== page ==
I have reat that "the government of Iceland donated $1-million to the University of Manitoba, which has the only faculty of Icelandic studies outside Iceland" [1] I don't know if this information is accurate or if there are other such faculties also. I believe we can include this information, but I do not know where it should be suitable to do so. Probable in a new section in the article? --Michkalas (talk) 08:49, 10 October 2008 (UTC) According to the text you quoted The University of Manitoba "has the only faculty of Icelandic studies outside Iceland". So there you have your answer to the your uncertainty: "or if there are other such faculties also". :) I do though think that Icelandic studies are often included in faculties of Nordic studies. --Orri Tómasson (talk) 01:47, 22 December 2008 (UTC)

I think they have Icelandic studies at UCL. Stefán Örvarr Sigmundsson (talk) 06:45, 31 May 2011 (UTC)

Dual (grammatical number)[edit]

Could someone knowledgeable on the topic please describe the use of grammatical dual in the Icelandic language? Thanks. --Eleassar my talk 08:40, 2 October 2009 (UTC)

Icelandic distinguished between dual and plural of first and second person pronouns up to (at the top of my head) the 17th century; 'við' and 'þið' being the dual and 'vér' and 'þér' being the plural. Not much of a dual in the modern language, though 'hvor' is which/each of two and 'hver' is which/each of many. Haukur (talk) 10:37, 2 October 2009 (UTC)

Old vs. Modern[edit]

How different is Old and Modern Icelandic?--206.78.50.75 (talk) 21:31, 25 January 2010 (UTC)

Modern Icelanders read the sagas as easily as modern English speakers read the King James Bible (i.e. easily and without any special aids, as long as modern spelling is used). Reading the Poetic Edda is akin to modern English speakers reading Chaucer (i.e. moderately difficult and editions for the public usually include a glossary or other aids). Haukur (talk) 22:05, 25 January 2010 (UTC)

Inflection, etc[edit]

From the article: "While most West European languages have greatly reduced levels of inflection, particularly in regards to noun declension, Icelandic retains an inflectional grammar comparable to that of Latin (a member of the group of Italic languages, which shares the Indo-European roots of Germanic) or, more closely, Old Norse and Old English. The main difference between the inflectional systems of Icelandic and Latin lies in the treatment of the verb. Nouns, adjectives, pronouns and other word classes are handled in a similar way." How is Icelandic any different from High German? High German has retained its inflection too, has the same amount of noun cases Icelandic has, and three genders as well. And my understanding is that Icelandic has strong and weak verbs just like High German (and Old English, et al). What makes Icelandic more synthetic all round? The way this part is phrased, it comes across as my lingo is better than yours jingoism. Peter Greenwell (talk) 04:33, 10 March 2010 (UTC)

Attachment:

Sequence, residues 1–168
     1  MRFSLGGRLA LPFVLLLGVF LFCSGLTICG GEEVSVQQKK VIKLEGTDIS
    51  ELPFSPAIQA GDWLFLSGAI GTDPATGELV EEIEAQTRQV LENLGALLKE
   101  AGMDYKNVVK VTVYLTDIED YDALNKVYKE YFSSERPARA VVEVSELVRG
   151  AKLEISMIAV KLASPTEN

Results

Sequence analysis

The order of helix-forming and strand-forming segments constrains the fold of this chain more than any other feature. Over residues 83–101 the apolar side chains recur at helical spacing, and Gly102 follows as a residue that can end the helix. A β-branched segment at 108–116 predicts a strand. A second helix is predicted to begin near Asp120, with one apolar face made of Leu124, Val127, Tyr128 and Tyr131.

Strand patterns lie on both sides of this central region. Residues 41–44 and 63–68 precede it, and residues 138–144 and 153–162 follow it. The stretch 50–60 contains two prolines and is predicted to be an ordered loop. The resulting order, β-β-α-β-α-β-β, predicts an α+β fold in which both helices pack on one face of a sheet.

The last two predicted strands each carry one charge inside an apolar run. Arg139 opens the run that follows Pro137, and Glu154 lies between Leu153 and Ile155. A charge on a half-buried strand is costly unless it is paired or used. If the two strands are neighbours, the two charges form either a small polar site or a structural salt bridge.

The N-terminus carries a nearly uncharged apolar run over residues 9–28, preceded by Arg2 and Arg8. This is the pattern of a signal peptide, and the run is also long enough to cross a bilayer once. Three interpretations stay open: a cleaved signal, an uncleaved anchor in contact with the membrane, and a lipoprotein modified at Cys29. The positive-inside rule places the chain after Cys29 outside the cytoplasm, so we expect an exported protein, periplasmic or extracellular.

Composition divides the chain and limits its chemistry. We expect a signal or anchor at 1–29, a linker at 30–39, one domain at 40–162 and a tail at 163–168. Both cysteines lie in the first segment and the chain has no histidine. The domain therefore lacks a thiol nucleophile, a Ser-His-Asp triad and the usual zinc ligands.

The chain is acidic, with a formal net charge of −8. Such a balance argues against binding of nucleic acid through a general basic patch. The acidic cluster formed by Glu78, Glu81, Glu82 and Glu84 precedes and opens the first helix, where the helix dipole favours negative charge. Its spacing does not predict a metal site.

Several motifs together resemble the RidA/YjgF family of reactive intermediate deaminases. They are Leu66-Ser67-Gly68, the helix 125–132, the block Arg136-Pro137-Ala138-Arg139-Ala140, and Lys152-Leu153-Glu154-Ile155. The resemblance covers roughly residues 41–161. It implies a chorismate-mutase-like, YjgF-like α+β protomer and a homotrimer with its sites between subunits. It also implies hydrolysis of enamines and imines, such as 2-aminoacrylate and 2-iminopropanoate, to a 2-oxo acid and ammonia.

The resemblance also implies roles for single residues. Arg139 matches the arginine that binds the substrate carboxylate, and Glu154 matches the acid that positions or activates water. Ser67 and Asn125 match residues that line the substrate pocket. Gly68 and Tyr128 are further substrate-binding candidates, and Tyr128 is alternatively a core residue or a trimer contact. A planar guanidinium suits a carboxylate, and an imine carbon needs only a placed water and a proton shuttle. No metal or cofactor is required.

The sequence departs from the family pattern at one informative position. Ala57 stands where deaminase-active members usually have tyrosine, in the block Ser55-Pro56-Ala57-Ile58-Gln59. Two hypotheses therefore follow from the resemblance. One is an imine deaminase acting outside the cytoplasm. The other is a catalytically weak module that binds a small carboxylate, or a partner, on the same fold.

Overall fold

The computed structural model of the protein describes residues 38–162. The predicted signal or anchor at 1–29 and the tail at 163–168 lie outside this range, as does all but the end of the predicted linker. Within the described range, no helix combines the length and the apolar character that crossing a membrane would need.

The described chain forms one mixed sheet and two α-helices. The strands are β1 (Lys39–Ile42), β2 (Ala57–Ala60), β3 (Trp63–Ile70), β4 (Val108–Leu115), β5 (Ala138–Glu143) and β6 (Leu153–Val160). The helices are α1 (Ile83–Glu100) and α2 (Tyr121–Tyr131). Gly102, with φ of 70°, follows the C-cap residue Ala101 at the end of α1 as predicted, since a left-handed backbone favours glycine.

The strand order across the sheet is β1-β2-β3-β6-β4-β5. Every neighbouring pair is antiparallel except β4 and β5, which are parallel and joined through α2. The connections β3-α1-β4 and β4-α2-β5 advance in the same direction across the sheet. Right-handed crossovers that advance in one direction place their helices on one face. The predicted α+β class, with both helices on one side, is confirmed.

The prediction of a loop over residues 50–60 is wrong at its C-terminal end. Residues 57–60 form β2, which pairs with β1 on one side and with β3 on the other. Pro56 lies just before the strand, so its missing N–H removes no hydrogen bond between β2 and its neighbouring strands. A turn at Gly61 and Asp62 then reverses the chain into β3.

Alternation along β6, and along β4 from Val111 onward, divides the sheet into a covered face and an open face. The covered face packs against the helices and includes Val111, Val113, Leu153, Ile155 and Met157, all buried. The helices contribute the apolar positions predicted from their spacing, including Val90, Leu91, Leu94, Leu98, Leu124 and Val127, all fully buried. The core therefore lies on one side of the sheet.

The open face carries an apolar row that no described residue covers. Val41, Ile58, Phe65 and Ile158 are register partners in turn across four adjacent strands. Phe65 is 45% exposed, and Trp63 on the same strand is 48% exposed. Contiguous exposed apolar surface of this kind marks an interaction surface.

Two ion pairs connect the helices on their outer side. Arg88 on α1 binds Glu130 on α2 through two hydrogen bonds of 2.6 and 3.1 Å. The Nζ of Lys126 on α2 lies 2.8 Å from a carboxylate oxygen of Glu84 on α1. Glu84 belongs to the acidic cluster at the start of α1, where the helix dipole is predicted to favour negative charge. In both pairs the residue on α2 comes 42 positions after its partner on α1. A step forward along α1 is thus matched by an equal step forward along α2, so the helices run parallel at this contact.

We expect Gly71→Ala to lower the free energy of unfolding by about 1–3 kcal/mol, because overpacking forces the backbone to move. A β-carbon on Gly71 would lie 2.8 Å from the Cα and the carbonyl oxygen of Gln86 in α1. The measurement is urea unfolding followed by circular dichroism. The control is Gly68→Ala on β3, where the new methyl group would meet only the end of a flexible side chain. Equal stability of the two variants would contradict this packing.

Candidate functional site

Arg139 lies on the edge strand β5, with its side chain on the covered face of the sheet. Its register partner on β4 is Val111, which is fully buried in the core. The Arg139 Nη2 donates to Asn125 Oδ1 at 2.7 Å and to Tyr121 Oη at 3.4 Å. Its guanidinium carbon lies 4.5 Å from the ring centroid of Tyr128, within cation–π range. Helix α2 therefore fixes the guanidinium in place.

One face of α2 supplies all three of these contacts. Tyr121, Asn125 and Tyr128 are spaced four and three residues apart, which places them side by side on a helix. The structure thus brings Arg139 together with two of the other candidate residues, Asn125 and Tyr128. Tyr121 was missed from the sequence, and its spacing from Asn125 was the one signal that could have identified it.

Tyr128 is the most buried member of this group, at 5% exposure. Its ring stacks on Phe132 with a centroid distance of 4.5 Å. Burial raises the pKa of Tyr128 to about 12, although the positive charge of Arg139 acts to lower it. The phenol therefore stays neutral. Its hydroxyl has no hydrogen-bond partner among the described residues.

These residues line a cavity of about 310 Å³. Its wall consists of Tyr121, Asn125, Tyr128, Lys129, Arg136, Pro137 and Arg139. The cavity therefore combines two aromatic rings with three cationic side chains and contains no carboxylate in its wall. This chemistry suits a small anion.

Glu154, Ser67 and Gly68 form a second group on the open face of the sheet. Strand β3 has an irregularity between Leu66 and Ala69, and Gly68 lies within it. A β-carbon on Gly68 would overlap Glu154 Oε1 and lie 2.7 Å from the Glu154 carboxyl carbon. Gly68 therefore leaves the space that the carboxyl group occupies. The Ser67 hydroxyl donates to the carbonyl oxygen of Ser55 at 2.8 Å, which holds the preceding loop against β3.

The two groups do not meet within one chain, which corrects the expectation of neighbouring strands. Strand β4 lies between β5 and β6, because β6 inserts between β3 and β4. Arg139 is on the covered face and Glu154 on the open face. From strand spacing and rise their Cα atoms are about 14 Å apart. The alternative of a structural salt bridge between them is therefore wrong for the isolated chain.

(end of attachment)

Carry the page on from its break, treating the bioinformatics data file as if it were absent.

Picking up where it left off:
Icelandic declines nouns with modifications to endings; German mostly relies on articles and adjective endings. Compare Icelandic fjörður "fjord" (nom.), fjörð (acc.), firði (dat.), fjarðar (gen.) to German Förde (all cases). German does indicate the genitive often and the dative sometimes with endings: Haus (nom., acc.), Hause (formal dat.), Hauses (gen.); Häuser (plural nom., acc., gen.), Häusern (dat.). Icelandic distinguishes gender in the plural with pronouns, articles, and adjective endings; German makes no gender distinctions in the plural. English has strong and weak verbs. Icelandic has six distinct forms of the present verb. German has four or five. Icelandic keeps six distinct forms for the subjunctive and past forms; German reduces them to three. Icelandic also has a distinct "middle voice" not found in German. German uses only schwas and umlaut in its inflection; Icelandic uses distinct vowels and umlaut. But Icelandic isn't unique in retaining inflection. The Baltic and Slavic languages are highly inflectional, too. Greek and Romanian retain grammatical complexity comparable to German. All the Romance languages have highly fusional verb systems (much more so than Icelandic). 75.132.168.114 (talk) 07:54, 19 December 2010 (UTC)